Widescreen ambitions fulfilled, the result is another bold leap forwards for one of alt-rock’s most magnetic, exploratory voices. Over 14 years, Moss’s work with the Duke Spirit (on pause) ranged from brawling riff-rock to more cinematic ventures. Other gigs have included synth-rock recordings with Butler under the name Roman Remains and various collaborative ventures – with UNKLE, Nick Cave, Giorgio Moroder and Lost Horizons, as well as serving as muse for fashion icons Alexander McQueen and Phillip Lim, among others.

If My Name Is Safe in Your Mouth offered a haunting snapshot of Moss’ restlessly intuitive instincts, Who the Power repurposes and refuels those instincts, standing as fertile testament to the potential in Moss’ self-possessed yet receptive way of working. As she puts it, “My offering is only mine. It lacks ubiquity. Crucially, it doesn’t seek to rob from others. In actual fact it only has to feed three mouths, under the shelter they need, and provide enough time to nourish their minds so that they can in turn be in the productive service of others. It doesn’t need to win to succeed. Just to be understood for what it is, is enough.” Now that’s a beautiful and powerful thing, indeed.

Landshapes release “Whale Song”

– an experiment in evolutionary music –

This project arose from an interest in a new musical form – the hybrid.  Similar to a remix, this form would treat the stems and sounds from an existing song as objects, with which to include, discard, expand, reduce, stretch etc.  However, it would give the artist greater creative freedom to remould however much of the material they choose and the ability to add as much original material as they like to create their own track.  Unlike a remix, the track wouldn’t need to be recognisably linked to the original.

The idea was to see what would happen if this process was repeated successively by different artists.  Would there be anything left of the original?  What threads would carry through and how far?  To what extent would you be able to hear the evolution?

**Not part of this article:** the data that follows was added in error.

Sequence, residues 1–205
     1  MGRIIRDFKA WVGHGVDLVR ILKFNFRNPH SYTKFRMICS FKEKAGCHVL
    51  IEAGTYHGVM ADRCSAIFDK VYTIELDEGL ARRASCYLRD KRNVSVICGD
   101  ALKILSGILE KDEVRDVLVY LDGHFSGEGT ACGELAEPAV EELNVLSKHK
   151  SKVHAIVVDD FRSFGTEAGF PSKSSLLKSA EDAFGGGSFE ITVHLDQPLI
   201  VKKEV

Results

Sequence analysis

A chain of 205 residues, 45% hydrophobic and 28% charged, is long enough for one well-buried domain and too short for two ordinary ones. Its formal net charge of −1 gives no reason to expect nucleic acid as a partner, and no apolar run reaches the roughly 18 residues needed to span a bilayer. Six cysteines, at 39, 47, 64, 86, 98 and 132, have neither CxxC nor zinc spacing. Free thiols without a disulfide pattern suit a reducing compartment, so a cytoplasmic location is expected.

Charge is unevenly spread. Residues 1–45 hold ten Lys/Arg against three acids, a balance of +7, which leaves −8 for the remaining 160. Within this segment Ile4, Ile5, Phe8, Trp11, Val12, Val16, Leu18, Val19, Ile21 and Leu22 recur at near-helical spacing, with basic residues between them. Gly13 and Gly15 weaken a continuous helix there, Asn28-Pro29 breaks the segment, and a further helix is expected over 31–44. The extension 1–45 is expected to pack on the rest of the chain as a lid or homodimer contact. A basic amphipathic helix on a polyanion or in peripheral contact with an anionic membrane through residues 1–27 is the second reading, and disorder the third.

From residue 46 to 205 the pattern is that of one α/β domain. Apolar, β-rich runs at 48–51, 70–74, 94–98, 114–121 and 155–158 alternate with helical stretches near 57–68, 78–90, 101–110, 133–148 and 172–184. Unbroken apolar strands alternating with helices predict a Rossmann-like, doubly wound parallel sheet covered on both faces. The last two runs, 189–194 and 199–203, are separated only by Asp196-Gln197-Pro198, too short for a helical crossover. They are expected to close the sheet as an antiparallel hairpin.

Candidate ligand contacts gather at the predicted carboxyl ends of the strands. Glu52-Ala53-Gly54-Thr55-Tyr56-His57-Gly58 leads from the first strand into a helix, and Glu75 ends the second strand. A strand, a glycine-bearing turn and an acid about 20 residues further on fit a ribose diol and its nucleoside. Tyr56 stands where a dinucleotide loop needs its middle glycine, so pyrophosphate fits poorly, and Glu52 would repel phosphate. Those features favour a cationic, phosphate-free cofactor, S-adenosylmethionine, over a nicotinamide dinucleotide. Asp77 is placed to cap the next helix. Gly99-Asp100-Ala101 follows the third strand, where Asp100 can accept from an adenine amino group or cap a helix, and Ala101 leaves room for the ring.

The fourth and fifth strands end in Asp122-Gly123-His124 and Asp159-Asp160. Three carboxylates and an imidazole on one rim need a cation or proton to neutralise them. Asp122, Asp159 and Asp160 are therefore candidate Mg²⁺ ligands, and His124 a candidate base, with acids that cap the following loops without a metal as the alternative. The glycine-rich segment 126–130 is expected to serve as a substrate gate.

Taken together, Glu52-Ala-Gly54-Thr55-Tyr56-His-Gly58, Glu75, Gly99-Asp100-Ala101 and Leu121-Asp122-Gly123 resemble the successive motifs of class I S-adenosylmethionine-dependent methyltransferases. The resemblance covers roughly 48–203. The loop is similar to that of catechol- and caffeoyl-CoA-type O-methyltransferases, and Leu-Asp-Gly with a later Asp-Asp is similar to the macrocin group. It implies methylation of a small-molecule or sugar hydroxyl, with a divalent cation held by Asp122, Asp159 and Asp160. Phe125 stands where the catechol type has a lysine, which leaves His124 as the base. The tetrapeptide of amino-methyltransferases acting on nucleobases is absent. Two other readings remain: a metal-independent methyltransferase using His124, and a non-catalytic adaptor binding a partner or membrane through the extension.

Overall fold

The project takes inspiration from the transmission of songs by humpack whales across the oceans.  In this process, which is one of thes most elaborate acoustic displays in the animal kingdom, hybrid songs are created when current songs, containing sequences and phrases are spliced together with similar sounds and phrases arranged in a similar pattern.  This creates new songs, which are constantly changing over temporal distances in a process of cultural evolution.

Landshapes set off the process back in 2014 when pondering what to do with a track, ‘Sea Snail’, which was kept back from the album ‘Heyoon’, released in 2015.  They decided to set off the chain, starting a migration which took two years to complete and travelled across the Atlantic ocean four times.  The project included many artists connected to and admired by Landshapes: Auclair, Tomaga, North America, Celebration, Barbaros, Doomsquad, Rozi Plain and Cosmo Sheldrake, from labels such as Transgressive, Lost Map Records, Bella Union and living in London, Minneapolis, Baltimore, Liverpool and Toronto.  All of the artists only heard the previous hybrid at any point. 


The project finished with ‘Collapse’, a track by Landshapes.  This project will announce Landshapes’ forthcoming album ‘Contact’, which will be released in September 2020.

Accompanying the audio is a collaborative original artwork created in response to the music.  It comprises a 1.5m x 10m paper scroll developed in Cornwall by Gabriel Vyvyan and Sandra Goodenough.  They created their own visual hybrid of each track, using the abstraction of dance and physical movement to translate the sounds into gesture, then gesture into a purely visual medium.  Over a year in the planning and making, the scroll uses traditional materials such as ink, gesso and gold leaf to capture the essential dynamism of each track.